Dean Christensen, unsuccessful candidate in the last election for the Utah Legislature, has been convicted of eight felony and two misdemeanor counts relating to evasion of state income taxes.
Sentencing was set for May 15 by the 6th District Court and he was released on his on recognizance.Christensen was charged with four felony counts of failing to file state income tax returns and four felony counts of failing to pay state income taxes for 1986 through 1989.
The misdemeanor counts were for failure to pay state income taxes for 1984 and 1985.
It isn't the first time Christensen has been in tax trouble. In prosecuting the case, Sevier County attorney Don Brown noted that the defendant was imprisoned by Washington state in 1977 and incarcerated in Utah in 1987 for tax offenses. Personal property was also auctioned a few years ago by the Internal Revenue Service with the proceeds credited toward unpaid federal income taxes.
Christensen, who served as his own attorney even though the state provided him with a public defender, contended that income taxes are not constitutional. In his final argument before the eight member jury, he accused the state of "stealing money" from him.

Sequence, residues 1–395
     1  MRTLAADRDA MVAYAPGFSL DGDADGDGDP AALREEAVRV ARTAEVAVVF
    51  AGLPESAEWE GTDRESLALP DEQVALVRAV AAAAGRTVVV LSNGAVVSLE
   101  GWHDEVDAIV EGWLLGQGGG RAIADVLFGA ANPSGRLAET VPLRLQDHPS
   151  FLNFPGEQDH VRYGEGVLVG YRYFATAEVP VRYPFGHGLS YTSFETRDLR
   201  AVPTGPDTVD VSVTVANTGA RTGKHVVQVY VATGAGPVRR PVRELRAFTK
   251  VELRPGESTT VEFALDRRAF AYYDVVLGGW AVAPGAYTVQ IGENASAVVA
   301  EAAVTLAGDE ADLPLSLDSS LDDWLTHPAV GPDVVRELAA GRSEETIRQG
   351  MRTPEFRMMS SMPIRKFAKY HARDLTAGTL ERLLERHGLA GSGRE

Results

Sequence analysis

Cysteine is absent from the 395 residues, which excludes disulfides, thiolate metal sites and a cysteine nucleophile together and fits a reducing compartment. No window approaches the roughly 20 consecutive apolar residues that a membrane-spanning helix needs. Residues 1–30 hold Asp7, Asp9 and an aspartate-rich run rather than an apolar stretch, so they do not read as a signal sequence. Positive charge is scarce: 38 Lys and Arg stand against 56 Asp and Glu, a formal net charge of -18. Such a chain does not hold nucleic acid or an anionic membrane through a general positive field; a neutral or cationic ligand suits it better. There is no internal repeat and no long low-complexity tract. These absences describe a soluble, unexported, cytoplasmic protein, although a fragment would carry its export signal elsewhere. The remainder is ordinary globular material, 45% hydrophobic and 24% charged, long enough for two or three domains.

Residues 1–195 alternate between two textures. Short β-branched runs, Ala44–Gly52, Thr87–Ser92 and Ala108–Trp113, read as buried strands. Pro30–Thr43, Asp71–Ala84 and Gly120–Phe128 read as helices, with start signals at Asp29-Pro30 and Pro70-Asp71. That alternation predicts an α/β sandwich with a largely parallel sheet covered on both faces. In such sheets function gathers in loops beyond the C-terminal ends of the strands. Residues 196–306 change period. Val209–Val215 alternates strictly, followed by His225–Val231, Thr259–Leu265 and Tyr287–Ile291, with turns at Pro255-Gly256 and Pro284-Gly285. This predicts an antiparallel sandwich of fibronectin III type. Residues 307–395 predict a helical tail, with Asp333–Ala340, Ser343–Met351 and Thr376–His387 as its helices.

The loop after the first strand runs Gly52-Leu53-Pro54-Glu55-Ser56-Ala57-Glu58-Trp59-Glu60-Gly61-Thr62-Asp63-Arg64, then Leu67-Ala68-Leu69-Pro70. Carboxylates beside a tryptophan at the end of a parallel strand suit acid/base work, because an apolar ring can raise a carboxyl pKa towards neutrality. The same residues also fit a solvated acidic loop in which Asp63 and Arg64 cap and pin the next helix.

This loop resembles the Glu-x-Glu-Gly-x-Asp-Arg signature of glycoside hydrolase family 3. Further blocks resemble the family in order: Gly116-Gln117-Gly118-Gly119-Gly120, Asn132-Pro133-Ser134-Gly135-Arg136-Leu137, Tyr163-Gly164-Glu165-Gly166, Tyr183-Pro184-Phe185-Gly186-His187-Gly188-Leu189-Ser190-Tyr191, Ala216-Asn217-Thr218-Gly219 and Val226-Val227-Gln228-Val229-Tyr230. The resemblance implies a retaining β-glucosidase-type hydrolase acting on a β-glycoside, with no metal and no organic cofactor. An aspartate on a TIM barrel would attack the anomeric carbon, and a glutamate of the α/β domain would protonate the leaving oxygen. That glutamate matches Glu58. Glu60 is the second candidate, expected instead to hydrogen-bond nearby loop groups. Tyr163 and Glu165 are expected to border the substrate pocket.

In bringing arguments before the court about constitutional points of law, Christensen was frequently reminded by Judge Don V. Tibbs that the court would tell the jury about the law and that the defendant's personal interpretations were not at issue.
Christensen attempted to enter 29 documents into evidence supporting his case, most dealing with Supreme Court decisions. The court rejected 18 of them.
Testifying about Utah State Tax Commission dealings with the defendant were Mercia Milligan, compliance auditor, and LeVoy Sorensen, compliance agent.
Brown introduced as evidence for the state income records, state tax commission records, and copies of correspondence between Christensen and the tax commission and county attorney.
The evidence showed Christensen was required to file and pay taxes but didn't do so and therefore, the main issue before the jury was the willfulness of the defendant's refusal to file income tax forms and pay the taxes.